Archive for April, 2011

The Principle of Camouflage

April 18, 2011

Cover image: Sea light, painting by Liz Mathews

Hesketh, an artist, is isolated with her daughter Kezia on a remote coast where they came for sanctuary ten years ago.  The effort of trying to retain her powers of creation has driven her half-mad. Their only neighbour, Crambo, is a wild elemental, bereft of speech, who lives on the beach.  An unknown wounded officer arrives to convalesce with Hesketh and Kezia, but far from being the expected eligible stranger, Fitz is an exiled anti-hero whose love is reserved for London, play-making, and Meredith, a poet.

Their strange existence is threatened by the arrival of a three-man machine gun crew who not only pollute the beach, but also awaken Crambo to the new powers of language – and explosives.  As war sweeps closer, a violent sea-change brings all these castaways to their fate.

The Principle of Camouflage is a magical exploration of place, exile and home, the powers and duties of the artist, the restoration of lost things, the discovery of love, and the survival of hope in an apparently doomed world.

Available now from Two Ravens Press 

(also Amazon, or through bookshops)

‘A true work of the imagination transporting Prospero’s island, and us, to wartime Britain on a shining wave of sea images.’

(Maureen Duffy)

To the North

April 1, 2011

The view from the hill – photograph by Liz Mathews

Recently I wrote about Gillian Tindall’s classic The Fields Beneath.  Then last week I heard by chance a programme on Radio 3, A walk round Camden, the interval talk during a concert from the Roundhouse.  It’s always a slightly weird experience to hear a radio presenter describing a place one knows very well, for the benefit of those who are presumed not to.  It reminded me of the one of the pro-Revolution Russians in Rebecca West’s The Birds Fall Down, who describes

‘a wide railway-cutting, a positive chasm, with many tracks running along the bottom.  The aspect was not unpicturesque, for on the opposite cliff of the chasm stood a line of tall houses, neo-classical in design, which were reflecting an orange sunset from their stucco façades.  London is very exotic.  All these places like Camden Town and Pimlico and Notting Hill have a wild majesty.’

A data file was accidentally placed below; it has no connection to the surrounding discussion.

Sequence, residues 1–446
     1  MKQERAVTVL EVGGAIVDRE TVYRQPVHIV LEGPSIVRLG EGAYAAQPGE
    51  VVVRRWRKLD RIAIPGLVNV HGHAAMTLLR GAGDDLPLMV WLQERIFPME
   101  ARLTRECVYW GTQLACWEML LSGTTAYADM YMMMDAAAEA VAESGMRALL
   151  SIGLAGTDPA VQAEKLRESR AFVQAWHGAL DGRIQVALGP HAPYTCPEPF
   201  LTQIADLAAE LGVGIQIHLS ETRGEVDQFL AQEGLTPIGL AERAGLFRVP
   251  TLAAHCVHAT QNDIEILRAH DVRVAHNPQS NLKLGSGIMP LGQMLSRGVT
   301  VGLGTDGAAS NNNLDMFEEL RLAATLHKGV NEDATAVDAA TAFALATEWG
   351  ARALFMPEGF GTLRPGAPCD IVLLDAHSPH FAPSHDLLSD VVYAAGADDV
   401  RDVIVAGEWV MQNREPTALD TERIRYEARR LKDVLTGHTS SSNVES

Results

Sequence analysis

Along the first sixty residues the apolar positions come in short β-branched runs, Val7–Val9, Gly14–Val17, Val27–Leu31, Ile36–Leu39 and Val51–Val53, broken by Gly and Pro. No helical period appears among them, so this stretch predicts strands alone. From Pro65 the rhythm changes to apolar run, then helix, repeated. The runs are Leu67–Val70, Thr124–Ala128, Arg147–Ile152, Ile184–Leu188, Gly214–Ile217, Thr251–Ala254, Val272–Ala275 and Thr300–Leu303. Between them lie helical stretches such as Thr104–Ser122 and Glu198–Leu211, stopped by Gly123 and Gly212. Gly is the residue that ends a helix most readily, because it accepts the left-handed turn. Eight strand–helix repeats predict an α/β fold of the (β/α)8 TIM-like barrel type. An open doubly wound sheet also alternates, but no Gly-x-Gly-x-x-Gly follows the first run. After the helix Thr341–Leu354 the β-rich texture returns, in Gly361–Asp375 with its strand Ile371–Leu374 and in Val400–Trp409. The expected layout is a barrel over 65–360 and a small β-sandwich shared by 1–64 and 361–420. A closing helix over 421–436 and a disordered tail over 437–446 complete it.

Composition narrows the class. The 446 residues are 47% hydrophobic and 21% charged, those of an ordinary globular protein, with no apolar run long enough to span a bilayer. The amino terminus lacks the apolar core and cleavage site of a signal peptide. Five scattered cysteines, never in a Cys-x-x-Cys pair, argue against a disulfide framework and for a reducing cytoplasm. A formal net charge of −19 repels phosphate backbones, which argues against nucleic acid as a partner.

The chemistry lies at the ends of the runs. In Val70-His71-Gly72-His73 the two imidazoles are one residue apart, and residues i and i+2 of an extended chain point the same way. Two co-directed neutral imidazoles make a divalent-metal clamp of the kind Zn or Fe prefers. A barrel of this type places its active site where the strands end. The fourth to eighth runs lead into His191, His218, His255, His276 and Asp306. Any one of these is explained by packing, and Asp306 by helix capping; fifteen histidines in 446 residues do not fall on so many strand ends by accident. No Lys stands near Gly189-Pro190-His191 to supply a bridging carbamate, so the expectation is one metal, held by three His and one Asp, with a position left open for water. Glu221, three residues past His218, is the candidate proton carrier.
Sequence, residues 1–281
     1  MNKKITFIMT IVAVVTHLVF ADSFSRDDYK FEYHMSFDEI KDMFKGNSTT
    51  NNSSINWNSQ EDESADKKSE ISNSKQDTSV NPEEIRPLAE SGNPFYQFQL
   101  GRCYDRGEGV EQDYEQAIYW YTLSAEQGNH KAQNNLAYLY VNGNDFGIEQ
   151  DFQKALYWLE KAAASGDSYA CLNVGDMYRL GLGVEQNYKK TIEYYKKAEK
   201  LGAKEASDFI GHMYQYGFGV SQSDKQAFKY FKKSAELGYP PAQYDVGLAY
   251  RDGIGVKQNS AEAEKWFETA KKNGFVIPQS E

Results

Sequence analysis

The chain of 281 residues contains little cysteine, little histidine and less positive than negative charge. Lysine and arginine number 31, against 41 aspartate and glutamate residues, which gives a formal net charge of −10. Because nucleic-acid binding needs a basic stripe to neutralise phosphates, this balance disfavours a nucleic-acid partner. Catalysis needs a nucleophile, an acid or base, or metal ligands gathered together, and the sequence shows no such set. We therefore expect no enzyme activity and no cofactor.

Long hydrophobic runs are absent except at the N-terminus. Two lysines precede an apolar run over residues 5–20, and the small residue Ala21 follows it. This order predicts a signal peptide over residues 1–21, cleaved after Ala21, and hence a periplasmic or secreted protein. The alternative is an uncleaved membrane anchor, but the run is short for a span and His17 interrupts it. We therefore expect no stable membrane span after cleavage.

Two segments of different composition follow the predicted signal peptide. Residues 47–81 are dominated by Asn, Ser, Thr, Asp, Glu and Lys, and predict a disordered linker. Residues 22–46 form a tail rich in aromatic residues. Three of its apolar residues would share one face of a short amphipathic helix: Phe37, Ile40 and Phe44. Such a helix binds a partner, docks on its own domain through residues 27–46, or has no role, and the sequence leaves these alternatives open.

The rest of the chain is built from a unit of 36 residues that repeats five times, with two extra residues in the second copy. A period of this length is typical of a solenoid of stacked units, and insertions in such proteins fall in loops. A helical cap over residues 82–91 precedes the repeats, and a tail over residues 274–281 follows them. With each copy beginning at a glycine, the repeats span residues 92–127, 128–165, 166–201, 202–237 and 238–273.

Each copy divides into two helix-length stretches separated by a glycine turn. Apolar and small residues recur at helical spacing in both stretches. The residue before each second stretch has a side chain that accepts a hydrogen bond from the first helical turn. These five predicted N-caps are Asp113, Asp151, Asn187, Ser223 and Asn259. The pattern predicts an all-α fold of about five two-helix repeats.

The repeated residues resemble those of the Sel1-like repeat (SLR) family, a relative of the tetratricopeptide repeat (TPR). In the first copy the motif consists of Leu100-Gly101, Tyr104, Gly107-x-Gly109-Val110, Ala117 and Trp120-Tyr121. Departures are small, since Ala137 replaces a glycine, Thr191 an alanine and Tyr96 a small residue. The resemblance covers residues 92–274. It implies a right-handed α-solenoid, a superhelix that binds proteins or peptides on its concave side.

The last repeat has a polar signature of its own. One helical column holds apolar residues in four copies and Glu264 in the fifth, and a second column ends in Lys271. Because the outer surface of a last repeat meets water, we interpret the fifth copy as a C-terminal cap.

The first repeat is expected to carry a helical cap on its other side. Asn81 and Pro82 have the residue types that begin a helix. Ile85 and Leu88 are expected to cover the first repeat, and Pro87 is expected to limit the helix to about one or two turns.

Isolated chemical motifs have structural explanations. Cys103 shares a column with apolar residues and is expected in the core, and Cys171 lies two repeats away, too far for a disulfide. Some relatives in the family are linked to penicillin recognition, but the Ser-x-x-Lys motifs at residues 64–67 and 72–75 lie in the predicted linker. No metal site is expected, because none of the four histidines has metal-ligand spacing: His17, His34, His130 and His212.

Rebecca West wasn’t mentioned as one of Camden’s writers, and nor was Virginia Woolf  (who mentions it often, if only en route to Hampstead Heath).  This lack was compensated by the inclusion of Gillian Tindall, the local genius of the place, who spoke about Camden Town’s past inhabitants so vividly and knowledgeably that I wished the entire programme – or series – could be hers.  Dickensian characters such as the Cratchits, who ‘tried to live nicely’, were as present in her sketch of the past as Sickert, painting the turns at the Bedford Music Hall, where Crippen’s unfortunate wife Belle Elmore performed (sometimes as a very unconvincing male impersonator).

The Roundhouse, which was the excuse for this perambulation, is a great local institution.  As a child in the 1970’s I lived with a view of its leaky curved roof; it was in a bad state then, not quite semi-derelict but a ‘fringe venue’ in the original sense of the word.  The audience, isolated on groups of benches scattered about the draughty, dripping auditorium, might have been prisoners within a deep black well in some sinister Piranesi architectural fantasy.  Nowadays, after much restoration, it can host the RSC’s winter London season, among many other events.  The old turntable-shaped engine-shed makes a brilliant theatre-in-the-round; there’s only a hint of local nostalgia for its previous incarnation.

Gillian Tindall mentioned that she was born close by this relic of ‘railway mania’, opposite Camden Lock.  I was interested to see that her book about Kentish Town, this ‘one London village’, has been reissued by Eland in a new edition, with an extra chapter.  She will be talking about The Fields Beneath at the Owl Bookshop on Kentish Town Road, on the 5th April at 7pm; an event which I’m sure will be a great local celebration of place and northernness within the inner city.

I’m particularly pleased, not only because I look forward to the event, but also because I’m going to be the next author on the Owl’s programme.  I’ll be reading from my just-published novel, The Principle of Camouflage, which has its celebrations and elegies for London, too, at the Owl Bookshop on the 14th April at 7pm.